Media companies are getting excited about free content again
Editor’s note: Hi there Medium readers! I’m Simon Owens and I’m a journalist who writes about the media industry and Creator Economy. Below is my weekly roundup of links to industry news. Enjoy!
Media companies are suddenly getting excited about free content again. [LA Times]
Related observation: BuzzFeed started seriously investing in video starting in 2012, and it’s struggling to eek out $400 million a year across all its properties. PlutoTV started in 2013 and it’s already up to $1.2 billion in revenue.
How local newsletters can thrive on Substack [Simon Owens]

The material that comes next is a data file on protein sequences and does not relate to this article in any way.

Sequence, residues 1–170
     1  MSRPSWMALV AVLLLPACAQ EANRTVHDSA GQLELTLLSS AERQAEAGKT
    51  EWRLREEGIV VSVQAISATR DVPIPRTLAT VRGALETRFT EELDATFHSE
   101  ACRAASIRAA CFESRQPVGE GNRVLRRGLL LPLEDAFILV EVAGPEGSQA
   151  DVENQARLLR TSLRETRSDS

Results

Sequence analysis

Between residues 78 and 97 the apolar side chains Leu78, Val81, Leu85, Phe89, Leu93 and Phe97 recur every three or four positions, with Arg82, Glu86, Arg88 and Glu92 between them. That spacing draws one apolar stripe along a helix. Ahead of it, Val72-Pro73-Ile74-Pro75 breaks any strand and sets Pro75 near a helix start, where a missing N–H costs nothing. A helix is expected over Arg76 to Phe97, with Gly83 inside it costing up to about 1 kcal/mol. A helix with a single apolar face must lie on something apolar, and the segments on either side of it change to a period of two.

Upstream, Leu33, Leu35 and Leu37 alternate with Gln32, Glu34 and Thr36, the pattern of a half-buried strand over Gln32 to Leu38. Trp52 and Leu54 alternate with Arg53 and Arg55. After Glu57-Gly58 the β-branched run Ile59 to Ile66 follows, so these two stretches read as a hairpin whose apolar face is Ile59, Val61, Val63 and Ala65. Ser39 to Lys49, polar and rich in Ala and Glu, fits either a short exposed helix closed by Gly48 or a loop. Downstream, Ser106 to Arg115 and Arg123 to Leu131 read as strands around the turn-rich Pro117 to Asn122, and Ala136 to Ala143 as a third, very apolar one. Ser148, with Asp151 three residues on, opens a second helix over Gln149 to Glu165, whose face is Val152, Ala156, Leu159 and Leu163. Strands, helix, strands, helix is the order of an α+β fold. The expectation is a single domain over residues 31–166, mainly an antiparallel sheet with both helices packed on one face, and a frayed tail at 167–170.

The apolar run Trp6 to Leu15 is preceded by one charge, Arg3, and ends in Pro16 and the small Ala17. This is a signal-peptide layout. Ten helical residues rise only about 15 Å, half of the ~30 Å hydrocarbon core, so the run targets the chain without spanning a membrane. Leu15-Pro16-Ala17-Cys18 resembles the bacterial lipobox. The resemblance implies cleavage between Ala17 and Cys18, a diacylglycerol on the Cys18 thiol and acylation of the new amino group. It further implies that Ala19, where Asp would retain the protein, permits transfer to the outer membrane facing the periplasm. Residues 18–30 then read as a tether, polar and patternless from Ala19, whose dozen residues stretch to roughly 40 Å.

Many of the most high-profile Substack newsletters cover broad, national topics, but there’s also exciting stuff happening at the local level.
Twitter launches new features for Super Follows [Social Media Today]
This is a step in the right direction, but the Super Follows value proposition still isn’t that great. I’m absolutely astonished that it hasn’t occurred to Twitter to integrate Super Follows into a Revue newsletter subscription.
How a kids-focused podcaster reached 1 million monthly downloads [Simon Owens]
How did an engineer who didn’t even listen to podcasts become the fastest-growing brand in children’s audio? I interviewed Jim Jacob about his plans to become the next Mr. Rogers.
The Atlantic launches a book imprint [Publishers Weekly]
I don’t know why most national publishers didn’t start doing this sooner. You put all this effort into nurturing writing talent and then allow that talent to publish their book content elsewhere?